Louisville, Kentucky - Three men who sought to hold the Vatican liable in an American court for sexual abuses by Roman Catholic priests in a Kentucky diocese are abandoning the case.
Lawyers looked to question Pope Benedict XVI under oath but had to leap the high legal hurdle of the Vatican's sovereign immunity status in the U.S. But plaintiffs filed a motion on Monday asking a federal judge in Louisville to dismiss their claims.
Their attorney, William McMurry, said he was seeking to end the case because of an earlier court ruling that recognized the Vatican's immunity and failure to turn up new plaintiffs to add to the lawsuit who haven't yet been involved in a Catholic clergy abuse case.
"Virtually every child who was abused and will come forward as an adult has come forward and sued a bishop and collected money, and once that happens, it's over," McMurry told The Associated Press. McMurry represented more than 240 abuse victims who settled with the Louisville Catholic archdiocese for $25 million in 2003.
The lawsuit was considered the first in the U.S. to make it to the stage of determining whether victims had a negligence claim against the Vatican, which argued the plaintiffs never showed a connection between Rome and the American clergy abuse scandal.
Filed in 2004 by the three men abused by priests in the Louisville diocese, it argues in part that U.S. bishops should be considered employees or officials of the Holy See.
The case was being closely watched as the clerical abuse scandal swirls around the Holy See. Lawsuits naming top Vatican officials were also filed recently in Wisconsin and another one in Oregon. Both are making their way through the federal courts and it wasn't immediately clear if dropping the Louisville lawsuit would affect them.
An attorney for the Vatican, which is referred to in the lawsuit as the Holy See, said the Kentucky lawsuit lacked merit.
"This development confirms that, contrary to what the plaintiffs' lawyers repeatedly told the media, there has never been a Holy See policy requiring concealment of child sexual abuse," attorney Jeffrey Lena said in a statement. "The theory crafted by the plaintiffs' lawyers six years ago misled the American public."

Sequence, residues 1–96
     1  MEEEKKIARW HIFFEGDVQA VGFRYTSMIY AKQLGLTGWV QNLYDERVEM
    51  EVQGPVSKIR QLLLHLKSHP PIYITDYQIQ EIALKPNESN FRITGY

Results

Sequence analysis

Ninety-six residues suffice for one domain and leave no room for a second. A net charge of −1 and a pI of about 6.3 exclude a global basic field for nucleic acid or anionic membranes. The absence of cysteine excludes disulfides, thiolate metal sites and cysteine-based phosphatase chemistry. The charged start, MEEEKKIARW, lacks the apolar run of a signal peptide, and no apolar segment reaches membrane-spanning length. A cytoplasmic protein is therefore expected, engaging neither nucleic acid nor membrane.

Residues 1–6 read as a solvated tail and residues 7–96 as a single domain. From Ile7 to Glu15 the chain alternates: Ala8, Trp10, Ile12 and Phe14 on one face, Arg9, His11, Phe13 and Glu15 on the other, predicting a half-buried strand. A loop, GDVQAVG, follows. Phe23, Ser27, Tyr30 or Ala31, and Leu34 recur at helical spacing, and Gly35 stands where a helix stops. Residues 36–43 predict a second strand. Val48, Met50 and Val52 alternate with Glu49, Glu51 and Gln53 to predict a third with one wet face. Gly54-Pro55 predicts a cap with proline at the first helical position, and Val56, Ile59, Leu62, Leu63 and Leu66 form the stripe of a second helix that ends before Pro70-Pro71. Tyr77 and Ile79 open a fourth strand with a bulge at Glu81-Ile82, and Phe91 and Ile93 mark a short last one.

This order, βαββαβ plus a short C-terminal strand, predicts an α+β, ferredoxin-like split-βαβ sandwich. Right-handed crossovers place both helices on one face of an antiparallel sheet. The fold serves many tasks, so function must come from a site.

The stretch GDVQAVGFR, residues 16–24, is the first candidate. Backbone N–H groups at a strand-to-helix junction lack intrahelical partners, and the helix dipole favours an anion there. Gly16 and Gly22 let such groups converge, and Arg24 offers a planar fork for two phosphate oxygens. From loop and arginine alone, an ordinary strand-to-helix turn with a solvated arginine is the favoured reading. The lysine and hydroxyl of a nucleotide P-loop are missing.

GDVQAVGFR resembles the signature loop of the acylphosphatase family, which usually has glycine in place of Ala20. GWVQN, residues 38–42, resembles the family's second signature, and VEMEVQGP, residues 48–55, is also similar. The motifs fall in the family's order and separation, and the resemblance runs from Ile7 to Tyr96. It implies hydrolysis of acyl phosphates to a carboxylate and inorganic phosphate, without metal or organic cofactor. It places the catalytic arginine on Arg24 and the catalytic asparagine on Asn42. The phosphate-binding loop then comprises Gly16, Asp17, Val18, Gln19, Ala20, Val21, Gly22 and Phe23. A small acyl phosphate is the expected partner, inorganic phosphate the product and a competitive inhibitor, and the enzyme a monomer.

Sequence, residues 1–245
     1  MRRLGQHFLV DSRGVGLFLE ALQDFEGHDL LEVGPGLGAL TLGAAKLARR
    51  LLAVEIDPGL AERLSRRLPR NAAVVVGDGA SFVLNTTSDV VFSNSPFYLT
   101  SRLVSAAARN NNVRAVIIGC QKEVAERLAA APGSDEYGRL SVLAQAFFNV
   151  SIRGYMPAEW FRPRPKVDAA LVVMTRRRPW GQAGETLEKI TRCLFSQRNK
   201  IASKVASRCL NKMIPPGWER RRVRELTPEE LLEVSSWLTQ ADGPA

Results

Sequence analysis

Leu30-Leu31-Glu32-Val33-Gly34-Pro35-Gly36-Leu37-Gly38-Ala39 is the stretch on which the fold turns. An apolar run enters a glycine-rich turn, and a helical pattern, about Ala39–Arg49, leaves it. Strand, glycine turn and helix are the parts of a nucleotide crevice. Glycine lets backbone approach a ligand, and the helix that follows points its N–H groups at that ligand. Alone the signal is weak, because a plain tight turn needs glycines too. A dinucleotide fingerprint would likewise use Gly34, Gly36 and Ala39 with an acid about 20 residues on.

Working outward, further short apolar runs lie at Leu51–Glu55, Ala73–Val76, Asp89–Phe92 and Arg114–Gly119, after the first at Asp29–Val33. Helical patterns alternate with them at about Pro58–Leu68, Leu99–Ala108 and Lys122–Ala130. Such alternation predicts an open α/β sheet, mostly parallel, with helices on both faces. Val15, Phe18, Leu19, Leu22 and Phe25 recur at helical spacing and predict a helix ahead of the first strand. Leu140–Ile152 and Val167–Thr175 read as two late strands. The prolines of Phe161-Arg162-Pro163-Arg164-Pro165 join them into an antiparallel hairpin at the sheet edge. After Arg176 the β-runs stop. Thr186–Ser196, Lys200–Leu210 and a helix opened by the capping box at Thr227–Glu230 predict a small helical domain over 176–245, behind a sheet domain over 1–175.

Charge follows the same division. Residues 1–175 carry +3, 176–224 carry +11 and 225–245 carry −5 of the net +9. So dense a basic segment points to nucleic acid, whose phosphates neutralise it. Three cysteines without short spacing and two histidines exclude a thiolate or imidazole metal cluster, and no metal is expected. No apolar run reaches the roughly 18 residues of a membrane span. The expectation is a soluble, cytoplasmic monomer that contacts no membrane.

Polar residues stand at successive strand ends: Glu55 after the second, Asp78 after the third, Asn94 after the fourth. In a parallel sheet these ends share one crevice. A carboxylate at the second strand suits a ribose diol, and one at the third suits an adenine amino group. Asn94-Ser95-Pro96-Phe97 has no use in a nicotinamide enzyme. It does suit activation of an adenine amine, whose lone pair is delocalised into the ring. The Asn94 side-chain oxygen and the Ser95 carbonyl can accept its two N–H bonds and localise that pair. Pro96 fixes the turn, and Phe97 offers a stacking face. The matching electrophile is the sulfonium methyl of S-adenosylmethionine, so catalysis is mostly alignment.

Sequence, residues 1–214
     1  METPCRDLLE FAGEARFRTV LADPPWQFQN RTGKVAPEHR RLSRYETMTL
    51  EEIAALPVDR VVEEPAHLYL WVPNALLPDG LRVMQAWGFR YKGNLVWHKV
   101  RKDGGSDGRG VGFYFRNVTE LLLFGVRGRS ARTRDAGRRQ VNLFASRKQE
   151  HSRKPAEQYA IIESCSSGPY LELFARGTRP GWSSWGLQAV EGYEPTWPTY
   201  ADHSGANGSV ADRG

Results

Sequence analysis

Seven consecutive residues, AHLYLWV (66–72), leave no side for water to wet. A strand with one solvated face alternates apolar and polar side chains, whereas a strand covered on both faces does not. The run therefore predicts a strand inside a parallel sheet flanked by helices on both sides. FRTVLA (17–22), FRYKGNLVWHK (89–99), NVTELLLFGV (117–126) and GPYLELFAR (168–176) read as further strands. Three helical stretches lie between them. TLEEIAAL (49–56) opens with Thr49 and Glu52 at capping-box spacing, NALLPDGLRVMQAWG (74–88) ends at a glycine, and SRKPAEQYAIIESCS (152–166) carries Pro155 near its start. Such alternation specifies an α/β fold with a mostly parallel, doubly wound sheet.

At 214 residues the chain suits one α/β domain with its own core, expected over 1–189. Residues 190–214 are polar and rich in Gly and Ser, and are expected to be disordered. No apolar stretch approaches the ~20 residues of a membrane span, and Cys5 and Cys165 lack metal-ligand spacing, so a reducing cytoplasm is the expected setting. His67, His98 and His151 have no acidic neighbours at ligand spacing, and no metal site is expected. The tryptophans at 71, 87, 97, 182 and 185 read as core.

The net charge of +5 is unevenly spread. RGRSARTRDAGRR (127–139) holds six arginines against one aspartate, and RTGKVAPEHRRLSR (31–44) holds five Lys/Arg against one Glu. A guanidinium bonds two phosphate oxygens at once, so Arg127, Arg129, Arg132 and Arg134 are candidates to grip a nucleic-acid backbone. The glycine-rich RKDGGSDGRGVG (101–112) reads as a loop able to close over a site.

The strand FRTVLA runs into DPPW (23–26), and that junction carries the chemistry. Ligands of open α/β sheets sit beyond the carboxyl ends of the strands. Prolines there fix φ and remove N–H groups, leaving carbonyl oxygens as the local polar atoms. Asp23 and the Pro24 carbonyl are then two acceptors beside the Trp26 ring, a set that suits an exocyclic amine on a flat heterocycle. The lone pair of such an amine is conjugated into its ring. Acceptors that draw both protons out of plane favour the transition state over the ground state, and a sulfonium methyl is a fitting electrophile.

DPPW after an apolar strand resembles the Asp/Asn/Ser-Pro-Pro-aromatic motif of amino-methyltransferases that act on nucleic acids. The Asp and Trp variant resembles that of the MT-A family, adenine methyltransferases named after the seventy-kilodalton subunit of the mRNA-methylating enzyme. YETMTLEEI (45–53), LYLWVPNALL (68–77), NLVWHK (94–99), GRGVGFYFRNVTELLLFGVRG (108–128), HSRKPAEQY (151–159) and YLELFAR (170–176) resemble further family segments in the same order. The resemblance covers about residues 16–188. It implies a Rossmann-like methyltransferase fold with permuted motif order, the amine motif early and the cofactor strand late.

"That the case against the Holy See always lacked merit does not mean that the plaintiffs themselves did not suffer as a result of sexual abuse," Lena said. "But bringing this case only distracted from the important goal of protecting children from harm."
The judge must still rule on whether the case can be dismissed, but attorneys on both sides say it has virtually ended.
In June, the U.S. Supreme Court refused to hear an appeal from the Holy See in the Oregon lawsuit that was filed in 2002 by a Seattle-area man who said a priest molested him in the late 1960s. Attorneys there are also arguing that priests are Vatican employees for the purpose of American law.
The Wisconsin lawsuit claims top leaders at the Vatican knew about allegations of sexual abuse at St. John's School for the Deaf outside Milwaukee and called off internal punishment of the accused priest, the Rev. Lawrence Murphy.
McMurry wrote in the Kentucky dismissal motion that an earlier court ruling that recognized the Vatican's immunity allowed the plaintiffs to proceed on the narrow argument that U.S. bishops are officials or employees of the Holy See.
McMurry said because of the court's determination, "the grant of jurisdiction was so narrow that it's meaningless."
The Vatican has argued that its U.S. bishops act independently, control their own budgets and are not employees of the Holy See.
McMurry said one of the plaintiffs, Michael J. Turner, was involved in the 2003 settlement against the Louisville archdiocese, which voided his ability to seek a claim from the Vatican. Two other plaintiffs, James O'Bryan and Donald Poppe, alleged abuses that occurred several decades ago.
"In both cases the bishops in question are deceased and further discovery regarding the bishops' actions is believed to be impossible," the motion said.
McMurry said a months-long search for new victims who haven't settled in a clergy abuse case failed to find any willing to come forward.
"No one who has not sued a bishop is in a position to help us despite our best efforts over the past several months," McMurry said.
Associated Press Writer Teresa Wasson contributed to this report.